Daily Israel Report

Buenos Aires: 8 Dead, 19 Missing in Blast

Blast from a gas leak ripped through a ten-story apartment building setting it ablaze.
By Arutz Sheva
First Publish: 8/7/2013, 8:53 AM

Injured woman being evacuated, Buenos Aires
Injured woman being evacuated, Buenos Aires
Reuters

A powerful blast from a gas leak ripped through a ten-story apartment building setting it ablaze in Argentina's third largest city Tuesday, leaving at least eight dead and 61 injured.

City officials in Rosario said at least 19 people were still missing as hundreds of firefighters and rescuers searched the rubble of the edifice that was in danger of collapse, reported AFP.

"There are 8 dead. The search in the rubble will continue all night," Mayor Monica Fein said at a press conference.

"There is a list of 19 people whose families said they have not been heard from."

The blast wiped away the front of the building, leaving the insides of people's homes and gutted balconies visible from the street below.

Among the wounded was at least one child who suffered head injuries, hospital officials said.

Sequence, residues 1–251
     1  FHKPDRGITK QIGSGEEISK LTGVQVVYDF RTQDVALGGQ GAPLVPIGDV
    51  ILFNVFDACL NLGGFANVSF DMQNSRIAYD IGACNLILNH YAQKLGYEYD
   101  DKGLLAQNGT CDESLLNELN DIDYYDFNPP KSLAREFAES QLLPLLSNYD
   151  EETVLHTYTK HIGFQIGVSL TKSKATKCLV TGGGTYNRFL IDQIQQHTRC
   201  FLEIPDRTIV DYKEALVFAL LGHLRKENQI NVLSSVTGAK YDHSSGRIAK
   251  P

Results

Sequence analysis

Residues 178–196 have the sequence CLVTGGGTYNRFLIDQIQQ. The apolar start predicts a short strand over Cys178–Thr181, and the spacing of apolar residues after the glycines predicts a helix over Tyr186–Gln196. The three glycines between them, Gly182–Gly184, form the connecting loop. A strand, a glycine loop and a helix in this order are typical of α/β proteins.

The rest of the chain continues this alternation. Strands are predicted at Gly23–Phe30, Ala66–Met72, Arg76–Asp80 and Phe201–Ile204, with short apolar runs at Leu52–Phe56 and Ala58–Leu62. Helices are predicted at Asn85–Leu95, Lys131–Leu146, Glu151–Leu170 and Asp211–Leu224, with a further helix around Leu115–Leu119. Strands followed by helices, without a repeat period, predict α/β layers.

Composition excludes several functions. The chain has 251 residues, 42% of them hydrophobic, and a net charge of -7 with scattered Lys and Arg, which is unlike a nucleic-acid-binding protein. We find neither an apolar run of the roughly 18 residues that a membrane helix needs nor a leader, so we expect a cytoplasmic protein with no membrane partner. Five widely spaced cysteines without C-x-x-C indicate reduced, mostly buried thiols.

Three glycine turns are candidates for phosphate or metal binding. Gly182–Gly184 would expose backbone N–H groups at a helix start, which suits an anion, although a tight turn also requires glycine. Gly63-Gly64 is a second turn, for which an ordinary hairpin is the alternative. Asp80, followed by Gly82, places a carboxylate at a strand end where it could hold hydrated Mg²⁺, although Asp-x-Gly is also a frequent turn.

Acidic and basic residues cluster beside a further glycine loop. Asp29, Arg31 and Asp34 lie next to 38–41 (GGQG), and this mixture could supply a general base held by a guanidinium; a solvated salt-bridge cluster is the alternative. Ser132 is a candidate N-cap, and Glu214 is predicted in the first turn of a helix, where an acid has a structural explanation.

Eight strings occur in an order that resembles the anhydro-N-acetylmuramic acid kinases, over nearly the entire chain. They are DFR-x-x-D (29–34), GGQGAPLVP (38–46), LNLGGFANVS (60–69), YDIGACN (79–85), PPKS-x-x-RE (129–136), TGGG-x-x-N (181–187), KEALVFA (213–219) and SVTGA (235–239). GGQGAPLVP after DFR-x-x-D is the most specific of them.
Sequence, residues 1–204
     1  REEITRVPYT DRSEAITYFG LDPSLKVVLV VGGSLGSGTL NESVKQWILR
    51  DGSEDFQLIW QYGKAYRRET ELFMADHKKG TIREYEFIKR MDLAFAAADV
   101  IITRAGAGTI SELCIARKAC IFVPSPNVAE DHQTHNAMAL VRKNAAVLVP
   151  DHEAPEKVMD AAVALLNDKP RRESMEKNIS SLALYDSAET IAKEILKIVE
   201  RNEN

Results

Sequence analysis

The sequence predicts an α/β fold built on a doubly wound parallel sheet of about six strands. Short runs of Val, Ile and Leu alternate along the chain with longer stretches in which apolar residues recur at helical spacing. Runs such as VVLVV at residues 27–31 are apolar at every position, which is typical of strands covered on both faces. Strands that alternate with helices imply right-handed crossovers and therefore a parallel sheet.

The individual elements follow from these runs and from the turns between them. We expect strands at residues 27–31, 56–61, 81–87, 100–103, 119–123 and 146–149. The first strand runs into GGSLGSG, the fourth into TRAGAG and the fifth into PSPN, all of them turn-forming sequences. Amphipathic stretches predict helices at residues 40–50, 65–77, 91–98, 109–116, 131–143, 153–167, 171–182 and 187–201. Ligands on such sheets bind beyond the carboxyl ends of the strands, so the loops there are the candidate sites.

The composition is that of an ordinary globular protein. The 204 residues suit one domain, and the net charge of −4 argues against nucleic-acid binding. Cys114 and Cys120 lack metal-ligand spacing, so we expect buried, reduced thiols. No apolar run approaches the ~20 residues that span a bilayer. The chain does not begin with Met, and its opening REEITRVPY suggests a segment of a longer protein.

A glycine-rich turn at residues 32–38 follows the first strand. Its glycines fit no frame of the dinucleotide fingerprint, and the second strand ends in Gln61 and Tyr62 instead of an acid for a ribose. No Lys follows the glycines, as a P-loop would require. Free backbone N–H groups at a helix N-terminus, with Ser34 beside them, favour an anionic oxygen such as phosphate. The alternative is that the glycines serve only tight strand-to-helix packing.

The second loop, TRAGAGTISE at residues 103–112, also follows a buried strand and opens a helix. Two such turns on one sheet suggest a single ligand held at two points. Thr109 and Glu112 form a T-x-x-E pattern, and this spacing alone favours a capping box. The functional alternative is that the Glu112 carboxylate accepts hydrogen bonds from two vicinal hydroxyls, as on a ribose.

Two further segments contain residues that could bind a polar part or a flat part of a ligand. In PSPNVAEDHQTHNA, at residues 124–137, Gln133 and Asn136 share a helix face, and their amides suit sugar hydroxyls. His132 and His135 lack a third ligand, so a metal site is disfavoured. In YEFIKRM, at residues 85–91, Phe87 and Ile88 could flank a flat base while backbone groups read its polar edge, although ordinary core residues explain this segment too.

Rosario's health ministry declared an emergency, calling all dispatchers into action.

Mayor Fein said earlier 17 ambulances were on the scene to help people injured in the fire.

People within a two-kilometer (one-mile) radius of the explosion, including 11 schools, were evacuated, as the gas supply to the building could not be cut off.

Civil defense officers were able to rescue survivors via the roof of a neighboring supermarket.

But civil defense director Raul Reinone said that the magnitude of the event may cause the building to collapse.

"The shock wave was tremendous," the superintendent of a building 200 meters from the site of the explosion told the TV station C5N.

"This is awesome, I've never seen anything like this in Rosario. I remember the images of the AMIA", German Martinez, 40, who is employed in a neighboring office, told AFP, referring to the attack that destroyed the Argentina Jewish center in Buenos Aires in 1994, with a death toll of 85 and 300 injured.

The blast sent flames roaring through the building as fire truck sirens sounded and traffic clogged Rosario's city center. The area around the building includes shops, schools and banks.

Following the blast, people ran through the streets or gawked at the ruined structure, some of them crying.

Shards of shattered glass littered the streets.

Rosario is home to 1.1 million people and is located 300 kilometers (180 miles) north of Buenos Aires. It is Argentina's main port for farm exports.